Crappie are a great sportfish to stock, but you should understand all the reasons you may or may not want to include them in your Largemouth Bass fishery before you add them to your stocking plan.
Why Crappie Are So Popular?
Behind Largemouth Bass, Crappie are the second most requested sportfish to be stocked here at Pond King, and it's easy to see why: they tend to have more of a schooling nature compared to Bass, they put up a heck of a fight when caught on light tackle, they are a great fish to start novice fishermen on, and they make great table fare.
With all these positive attributes, you might ask yourself why we don't include Crappie in all of our stocking packages. So, let me answer that for you.
The Difference Between White, Black and Hybrid Crappie
For starters, let's go over the various species of Crappie and their typical habitat preferences. White Crappie are by far the most prolific of all the different species. A large White Crappie female can produce upwards of 60,000 eggs per ¼" of length during the spawning season. While it is sometimes hard to distinguish between species using visual factors, White Crappie typically have "barring" that runs vertically down their body. Therefore, the more accurate way of distinguishing between the species is to count the number of hard (sharp) dorsal rays. White Crappie have 5-6 hard rays on their dorsal fin. This Crappie species is more of a riverine species and can better handle turbid water conditions.
Another species is the Black Crappie. These fish also have a sizeable reproductive capability, but less than the White Crappie. The variation in dark and light scale patches on the sides of their body doesn't make a distinguishable pattern, so the best way to identify them is to count their hard dorsal rays; if they are a Black Crappie, they'll have 7-8 hard rays. Additionally, this species prefers less turbid water associated with backwater sloughs, ponds, lakes, and reservoirs.
The other species is the Hybrid Crappie. Hybrid Crappie are a cross between the White and the Black Crappie. The coloration and hard dorsal ray count for these hybrids are more similar to the Black Crappie. While this hybridization can occur in the wild, it is most typically done in aquacultured settings. The primary purpose for this cross is that these fish exhibit the same growth and natural behaviors as the parent species but have a significantly reduced reproductive rate.
Pond Management Requirements for Crappie
With all of that being said, the common biological factor between the Black and White Crappie is their high reproductive capability. These fish require a high annual harvest level to keep their population numbers in check, which is the primary reason we don't include them in all our stocking packages. In fact, we rarely recommend any Crappie for ponds less than 3 acres, and we almost never stock or recommend White Crappie for any private fishery. If they make their way into your fishery, it is most likely from being washed in from nearby streams or rivers. While still having a high fecundity, Black Crappie are better suited for "large" private ponds or lakes because smaller ponds can't produce adequate forage resource availability for two predator species. (See our post about what type of fishery your pond can support for more information)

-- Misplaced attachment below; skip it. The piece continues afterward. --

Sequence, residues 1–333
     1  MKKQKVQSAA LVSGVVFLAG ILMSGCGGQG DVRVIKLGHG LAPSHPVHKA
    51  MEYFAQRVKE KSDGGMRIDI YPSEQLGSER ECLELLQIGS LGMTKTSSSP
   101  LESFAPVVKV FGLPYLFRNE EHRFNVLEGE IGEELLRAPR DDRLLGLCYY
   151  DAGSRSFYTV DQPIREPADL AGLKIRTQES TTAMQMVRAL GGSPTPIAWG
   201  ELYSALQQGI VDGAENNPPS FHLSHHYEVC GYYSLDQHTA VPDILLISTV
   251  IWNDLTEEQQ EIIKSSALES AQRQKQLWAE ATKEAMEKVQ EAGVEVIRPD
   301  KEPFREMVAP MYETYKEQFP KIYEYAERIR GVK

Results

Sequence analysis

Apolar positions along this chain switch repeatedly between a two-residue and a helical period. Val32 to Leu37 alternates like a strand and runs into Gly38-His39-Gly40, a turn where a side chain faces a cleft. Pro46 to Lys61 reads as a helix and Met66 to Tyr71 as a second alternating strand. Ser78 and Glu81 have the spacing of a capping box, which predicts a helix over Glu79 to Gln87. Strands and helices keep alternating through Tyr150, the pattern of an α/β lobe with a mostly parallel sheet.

Additionally, any fishery supporting Bass and Crappie needs to have a heavy population density of smaller (10-14") predators that will predate on juvenile Crappie, helping to keep their population density in check. Generally speaking, ponds or lakes need to be at least 3-5 acres or larger to fit this bill, and, even then, you'll need to increase management efforts on annual harvests. If you have a smaller pond, you'll only want to consider stocking Hybrid Crappie. Their lower reproductive rate caused by the hybrid heterosis makes this species "easier" to manage. But you will still need a healthy annual harvest to keep growth rates up and the bulk of the population within the desired size range.
Resource Availability for Crappie and Bass
Another factor that prevents Crappie from being recommended for stocking is if the primary goal of the lake is trophy-class Bass production. A trophy-class Largemouth could easily consume a 10" Crappie, but getting that Bass to that point is the problem you'll have. If your fishery goal is trophy Bass, you'll want to increase the density of the largest Bass possible in the shortest amount of time. The primary drivers of this are high forage resource availability and limited competition. Largemouth Bass and all species of Crappie are in direct competition for resources, whether that be forage or habitat availability. In a setting with limited resource availability, that can increase the time it takes for you to reach your goals. It simply comes down to which are you more interested in, raising trophy-class Bass or diversifying your fishing experience.
Before stocking Crappie, we recommend a site assessment, forward-thinking, and re-evaluating your fisheries goals. However, if you are willing to put in the work to maintain a healthy population density and are ok with slightly slower Bass production, there is a stocking option for you. If you have any questions about stocking Crappie or if they are a good fit for your fishery, feel free to contact us anytime at email@example.com.
See y'all down at the pond!